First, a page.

Poll: NJ is Very Diverse — Except Where Most People Live
New Jersey has a well deserved reputation as one of the most diverse states in the nation, but a new poll finds a sizable number of Garden State residents are not directly affected by diversity where they live.
Ashley Koning, director of the Rutgers-Eagleton Poll, said many residents do not experience diversity within their own neighborhoods.
“About half say they share the same social class as their neighbors. When it comes to race and ethnicity, 4 in 10 New Jerseyans say all or most of their neighbors share a similar background while about a quarter each say only half or some do," she said.
About 8% of poll respondents said none of their neighbors share a similar racial or ethnic background.
Koning said the just-released survey, done in partnership with Fairleigh Dickinson University, also finds “59% believe it’s important that people of different races and ethnicities live, go to school and work closely with each other, another 40% on the other hand believe this is not important though, as long as everyone is treated fairly.”
She said one takeaway from the poll is “even though we consider New Jersey such a melting pot, there really is a lot of isolation and segregation, whether intended or not.”
She noted when it comes to low and moderate income housing, “more than two thirds of residents, about 68%, approve of the idea that municipalities should be required to actively promote the construction of it, but we do see differences in demographics in terms of who supports it and who doesn’t, by key factors such as partisanship, race, ethnicity and social class.”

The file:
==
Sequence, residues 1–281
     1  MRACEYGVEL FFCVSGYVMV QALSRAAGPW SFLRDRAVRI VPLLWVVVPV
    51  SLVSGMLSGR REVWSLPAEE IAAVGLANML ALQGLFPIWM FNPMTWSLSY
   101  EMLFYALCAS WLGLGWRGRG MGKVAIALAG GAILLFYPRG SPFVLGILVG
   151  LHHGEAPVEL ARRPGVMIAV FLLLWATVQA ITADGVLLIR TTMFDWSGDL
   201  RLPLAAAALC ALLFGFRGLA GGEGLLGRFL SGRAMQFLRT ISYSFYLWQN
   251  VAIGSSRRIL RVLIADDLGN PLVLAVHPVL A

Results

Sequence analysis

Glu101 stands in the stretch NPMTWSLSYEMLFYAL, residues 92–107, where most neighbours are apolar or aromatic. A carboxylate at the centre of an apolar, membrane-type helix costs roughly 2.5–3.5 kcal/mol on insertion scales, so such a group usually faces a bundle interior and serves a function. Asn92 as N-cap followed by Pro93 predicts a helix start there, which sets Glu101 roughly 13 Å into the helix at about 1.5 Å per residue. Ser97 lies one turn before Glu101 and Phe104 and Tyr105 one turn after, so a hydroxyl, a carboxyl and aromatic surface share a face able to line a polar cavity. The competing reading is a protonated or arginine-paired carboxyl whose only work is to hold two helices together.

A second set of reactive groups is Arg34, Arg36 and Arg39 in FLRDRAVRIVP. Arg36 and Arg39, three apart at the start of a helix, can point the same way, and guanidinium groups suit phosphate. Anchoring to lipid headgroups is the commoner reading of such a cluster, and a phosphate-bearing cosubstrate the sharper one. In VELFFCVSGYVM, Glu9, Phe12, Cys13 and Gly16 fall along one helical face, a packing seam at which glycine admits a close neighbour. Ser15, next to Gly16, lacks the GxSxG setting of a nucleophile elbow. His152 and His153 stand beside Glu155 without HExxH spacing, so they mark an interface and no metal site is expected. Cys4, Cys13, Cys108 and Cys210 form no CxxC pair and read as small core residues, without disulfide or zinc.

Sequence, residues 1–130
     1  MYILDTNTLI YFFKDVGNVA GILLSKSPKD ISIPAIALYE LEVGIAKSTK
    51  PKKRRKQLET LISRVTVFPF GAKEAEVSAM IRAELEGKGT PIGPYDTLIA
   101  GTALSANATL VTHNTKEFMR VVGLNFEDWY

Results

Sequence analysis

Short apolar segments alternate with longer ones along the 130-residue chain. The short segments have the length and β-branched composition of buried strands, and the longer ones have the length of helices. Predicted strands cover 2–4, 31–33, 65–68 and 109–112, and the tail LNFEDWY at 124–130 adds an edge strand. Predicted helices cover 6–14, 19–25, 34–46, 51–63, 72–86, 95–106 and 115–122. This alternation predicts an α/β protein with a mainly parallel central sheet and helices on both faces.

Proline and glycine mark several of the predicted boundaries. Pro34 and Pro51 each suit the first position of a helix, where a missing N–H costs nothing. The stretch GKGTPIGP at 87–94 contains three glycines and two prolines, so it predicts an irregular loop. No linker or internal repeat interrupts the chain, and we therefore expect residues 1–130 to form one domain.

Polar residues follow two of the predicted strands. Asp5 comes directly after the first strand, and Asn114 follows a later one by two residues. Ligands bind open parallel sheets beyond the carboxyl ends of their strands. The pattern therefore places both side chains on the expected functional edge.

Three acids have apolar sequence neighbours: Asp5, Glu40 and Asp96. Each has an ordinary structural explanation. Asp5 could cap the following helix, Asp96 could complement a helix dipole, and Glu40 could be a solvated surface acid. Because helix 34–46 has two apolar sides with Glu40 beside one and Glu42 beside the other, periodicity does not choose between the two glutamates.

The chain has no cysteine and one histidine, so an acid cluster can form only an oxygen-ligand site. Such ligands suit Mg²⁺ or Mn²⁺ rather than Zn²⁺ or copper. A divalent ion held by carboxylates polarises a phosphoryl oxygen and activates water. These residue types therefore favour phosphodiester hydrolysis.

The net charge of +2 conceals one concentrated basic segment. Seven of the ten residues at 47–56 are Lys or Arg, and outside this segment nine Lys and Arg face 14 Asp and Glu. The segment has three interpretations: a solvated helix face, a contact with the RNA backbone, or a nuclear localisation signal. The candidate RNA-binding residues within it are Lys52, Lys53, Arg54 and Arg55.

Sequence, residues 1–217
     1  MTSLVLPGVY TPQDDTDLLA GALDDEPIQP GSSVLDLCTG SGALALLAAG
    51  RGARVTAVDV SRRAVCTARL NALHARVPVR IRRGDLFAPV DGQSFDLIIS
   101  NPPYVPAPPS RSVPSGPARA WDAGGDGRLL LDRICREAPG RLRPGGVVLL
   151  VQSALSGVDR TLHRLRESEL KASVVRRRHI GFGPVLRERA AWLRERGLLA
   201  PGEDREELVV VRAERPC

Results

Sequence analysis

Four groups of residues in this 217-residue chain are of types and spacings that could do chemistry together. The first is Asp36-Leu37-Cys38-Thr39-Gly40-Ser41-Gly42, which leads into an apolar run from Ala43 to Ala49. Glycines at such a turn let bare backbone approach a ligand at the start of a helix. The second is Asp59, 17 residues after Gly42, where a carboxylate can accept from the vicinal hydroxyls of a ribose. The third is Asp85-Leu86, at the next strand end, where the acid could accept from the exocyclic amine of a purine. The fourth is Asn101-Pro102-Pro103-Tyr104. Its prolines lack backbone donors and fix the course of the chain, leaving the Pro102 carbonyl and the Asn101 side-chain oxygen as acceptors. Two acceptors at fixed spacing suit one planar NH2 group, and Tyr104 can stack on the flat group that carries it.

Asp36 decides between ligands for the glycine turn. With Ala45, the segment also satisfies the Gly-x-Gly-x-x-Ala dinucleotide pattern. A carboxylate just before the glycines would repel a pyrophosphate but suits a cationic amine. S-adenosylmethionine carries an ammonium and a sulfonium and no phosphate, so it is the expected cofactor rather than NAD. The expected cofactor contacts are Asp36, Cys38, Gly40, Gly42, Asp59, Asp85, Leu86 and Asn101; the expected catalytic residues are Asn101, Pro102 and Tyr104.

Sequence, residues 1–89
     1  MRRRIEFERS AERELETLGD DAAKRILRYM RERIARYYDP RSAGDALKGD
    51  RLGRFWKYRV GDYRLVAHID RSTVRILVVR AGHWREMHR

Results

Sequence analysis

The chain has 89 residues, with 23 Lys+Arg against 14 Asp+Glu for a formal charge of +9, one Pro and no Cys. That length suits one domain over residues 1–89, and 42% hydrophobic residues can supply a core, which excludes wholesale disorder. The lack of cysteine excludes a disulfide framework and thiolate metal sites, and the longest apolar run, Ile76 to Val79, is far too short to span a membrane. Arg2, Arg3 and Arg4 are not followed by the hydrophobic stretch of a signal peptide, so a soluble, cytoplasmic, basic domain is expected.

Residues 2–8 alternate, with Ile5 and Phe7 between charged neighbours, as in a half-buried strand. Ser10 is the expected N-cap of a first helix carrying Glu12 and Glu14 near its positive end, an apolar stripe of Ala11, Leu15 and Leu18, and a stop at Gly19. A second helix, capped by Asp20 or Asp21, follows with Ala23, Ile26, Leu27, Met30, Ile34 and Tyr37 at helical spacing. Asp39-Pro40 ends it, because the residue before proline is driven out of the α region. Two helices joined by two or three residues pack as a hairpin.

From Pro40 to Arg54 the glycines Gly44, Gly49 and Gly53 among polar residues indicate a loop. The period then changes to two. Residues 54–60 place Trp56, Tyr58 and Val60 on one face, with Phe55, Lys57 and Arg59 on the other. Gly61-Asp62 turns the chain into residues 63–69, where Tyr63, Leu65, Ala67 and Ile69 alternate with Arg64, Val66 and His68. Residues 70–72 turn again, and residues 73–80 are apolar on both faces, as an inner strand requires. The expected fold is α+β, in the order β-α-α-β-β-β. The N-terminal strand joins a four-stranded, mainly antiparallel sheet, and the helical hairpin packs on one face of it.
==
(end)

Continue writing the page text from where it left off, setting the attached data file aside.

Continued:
The New Jersey Supreme Court has issued a series of rulings requiring low and moderate income housing be provided in municipalities.
The poll also finds 37% of New Jerseyans believe there is either a lot or some racial and ethnic tension among residents in their community, while 40% think there is just a little tension in their own neighborhood, and 22% said there is none.
The combined Rutgers-Eagleton/Fairleigh Dickinson University poll contacted 1,250 adults in New Jersey between March 7 and 22. The combined sample has a margin of error of +/-3.6 percentage points.